The handmade, fresh pizzas and specialty pies at Bella Kitchen are constructed in the classic New York style, which feature foldy-thin crusts, humorously neurotic toppings, and a gruff exterior that hides the heart of a lonely romantic. Signature dough disc selections such as the chicken garlic (with green pepper, tomato, green olive and onion, $9.95—$19.95) or the herbivore-happifying roasted veggie pie (with artichoke, sun-dried tomatoes, red peppers, and eggplant, $9.95–$19.95) are sure to please pizza-craving poets. The indecisive, meanwhile, can get pretty much everything atop a super special ($10.95–$19.95). To keep a hand open for impromptu swashbuckling, opt for portable pocket pizza with the spinach and feta calzone ($8.95). Bella Kitchen also sells pastas, subs, and salads.
Garlic Jim's menu was handcrafted with nothing more than a dream and an incredible reserve of pizza-making expertise. Open an order with some gourmet chicken wings, available in barbecue, garlic, and hot, before moving on to pizza territory. Put an end to eating Legos by piecing together a custom pie. Choose from the hand-thrown thick, garlic thin, or gluten-free crusts, slathered in one of seven sauces (from classic red to zesty chipotle pesto), and then slap on any of 15 standard and 11 gourmet toppings (14-inch large pizzas start at $11.99, extra-large $14.99; each additional topping for a large is $1.50). To achieve customization without the stress of having to choose, turn to one of the pre-determined specialties. Meat-maul hunger with the Hercules (salami, pepperoni, Canadian bacon, beef, spicy Italian sausage, and bacon; $18.99 for large, $21.99 for extra-large), or discover the secret of pizza-temperature fusion in your head with Jim's bacon-cheeseburger pizza (beef, bacon, red onions, tomatoes, mozzarella, and cheddar; $18.99 for large, $21.99 for extra-large).
With dozens of classic Italian dishes to choose from, it's clear Pegasus Pizza & Pasta is family friendly. Along with its signature pizzas and pastas, Pegasus serves hot oven grinders, calzones, and low-carb options, such as the chef's sautéed chicken. Kids can order off their own menu or, if they have the appetite of a two-toed sloth aiming to become a three-toed sloth, they can order off the adult menu. While dining in, patrons can participate in trivia on Mondays, take in live music performances on Wednesdays and Fridays, and croon karaoke on Thursdays and Saturdays.
Galactic murals and metallic rails grace a comfortably modern chomping environment that's home to pizzas made with fresh spices, vine-ripened tomatoes, extra-virgin olive oil, and premium toppings. Flying Saucer Pizza's menu features a bevy of pie options along with a host of salads and pastas. Pizza connoisseurs can begin with a blank-canvas cheese pie as the backdrop for a palette of toppings like blue cheese, Canadian bacon, artichoke hearts, sundried tomatoes, carrots, sprouts, red cabbage, pepperoncinis, and more ($4.75 for an 8-inch before toppings). When inspiration runs dry, a list of specialty pizzas can be called upon. The Cosmic Clucker blends barbecue sauce, roasted chicken, bacon, artichoke hearts, green onions, and cilantro ($7.45 and up), and veggie pizzas feature the likes of the Dr. Zaius pie with spicy peanut sauce, pineapple, carrots, sprouts, red cabbage, chopped nuts, basil, and sesame seeds ($6.75 and up).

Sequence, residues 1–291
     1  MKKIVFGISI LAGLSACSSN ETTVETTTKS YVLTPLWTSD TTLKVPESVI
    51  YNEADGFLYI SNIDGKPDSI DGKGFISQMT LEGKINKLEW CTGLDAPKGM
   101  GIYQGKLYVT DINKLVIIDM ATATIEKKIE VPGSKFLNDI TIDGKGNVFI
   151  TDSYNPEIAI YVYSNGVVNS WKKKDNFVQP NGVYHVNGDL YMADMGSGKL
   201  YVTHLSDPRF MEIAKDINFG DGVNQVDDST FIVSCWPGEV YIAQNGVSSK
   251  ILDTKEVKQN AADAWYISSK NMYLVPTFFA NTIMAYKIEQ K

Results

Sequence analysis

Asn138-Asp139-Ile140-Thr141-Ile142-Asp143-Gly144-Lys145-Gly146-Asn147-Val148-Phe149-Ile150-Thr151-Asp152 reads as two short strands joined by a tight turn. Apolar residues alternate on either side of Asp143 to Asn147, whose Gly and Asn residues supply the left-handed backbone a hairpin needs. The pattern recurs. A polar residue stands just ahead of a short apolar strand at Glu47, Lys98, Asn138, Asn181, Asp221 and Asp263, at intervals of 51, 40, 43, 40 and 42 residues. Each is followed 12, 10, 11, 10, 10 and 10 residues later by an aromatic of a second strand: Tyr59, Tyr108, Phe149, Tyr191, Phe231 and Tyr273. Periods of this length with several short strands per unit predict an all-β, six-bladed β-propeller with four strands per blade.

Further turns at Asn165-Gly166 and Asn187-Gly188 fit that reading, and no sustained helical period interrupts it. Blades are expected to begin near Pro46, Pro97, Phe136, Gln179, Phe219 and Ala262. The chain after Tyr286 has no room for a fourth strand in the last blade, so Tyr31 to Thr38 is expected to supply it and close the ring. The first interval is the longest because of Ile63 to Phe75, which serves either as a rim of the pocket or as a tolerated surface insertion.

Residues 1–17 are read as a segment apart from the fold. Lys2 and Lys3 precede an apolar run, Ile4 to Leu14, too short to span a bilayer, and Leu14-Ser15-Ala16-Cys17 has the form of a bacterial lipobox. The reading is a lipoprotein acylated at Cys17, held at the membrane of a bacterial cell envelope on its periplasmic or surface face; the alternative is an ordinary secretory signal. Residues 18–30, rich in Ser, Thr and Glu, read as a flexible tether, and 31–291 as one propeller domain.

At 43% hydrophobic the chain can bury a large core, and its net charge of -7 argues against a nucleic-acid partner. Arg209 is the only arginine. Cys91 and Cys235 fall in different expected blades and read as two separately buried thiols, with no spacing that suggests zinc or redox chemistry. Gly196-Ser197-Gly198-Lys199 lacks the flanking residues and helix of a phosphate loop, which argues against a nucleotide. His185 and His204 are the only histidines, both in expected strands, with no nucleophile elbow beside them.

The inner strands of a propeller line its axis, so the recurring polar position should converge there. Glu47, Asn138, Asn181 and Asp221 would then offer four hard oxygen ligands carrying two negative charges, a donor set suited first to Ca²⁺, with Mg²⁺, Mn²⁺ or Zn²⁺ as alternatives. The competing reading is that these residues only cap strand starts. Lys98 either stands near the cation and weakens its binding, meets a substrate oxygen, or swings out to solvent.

Lorenzo Scordamaglia was raised in Tropea, an Italian coastal town known for its fresh, quality produce and seafood. After traveling the world for nine years as a cruise-line waiter, Lorenzo landed in Seattle, where he worked at a number of Italian restaurants. He opened Tropea Ristorante Italiano in 1996, as an homage to his seaside town—from the restaurant's fresh seafood and hearty comfort food, to a mural on the wall that offers a glimpse of the coastal town itself. The restaurant offers sautéed prawns served in a choice of four different sauces, including a white wine and tomato sauce, or butter and hot peppers. But the pastas steal the limelight on the menu; 27 varieties are available, peppered with prosciutto, eggplant, italian sausage, or a host of other authentic ingredients.
A lion's head stands guard over the brick oven at Pizzeria Guido & Wine Bar, bearing its fearsome jaws at any who would try to pilfer the restaurant's family recipes. Thankfully, the only way most diners attempt to gain insight into the establishment's Tuscan traditions is through the food. Slivers of buffalo mozzarella, basil, and fresh tomatoes accent antipasti plates in the colors of the Italian flag, and the wood-fired oven spills forth the aromas of prosciutto, capers, and fontina cheese topping pizzas and filling calzones. Glasses of Italian wine click together in the halos of steam rising from pastas. Waiters move through the spacious dining room, and their white dress shirts and smart red ties complement the wall's gentle orange and yellow tones, which call to mind the warming glow of a sunset or a haunted ventriloquist dummy finally burning.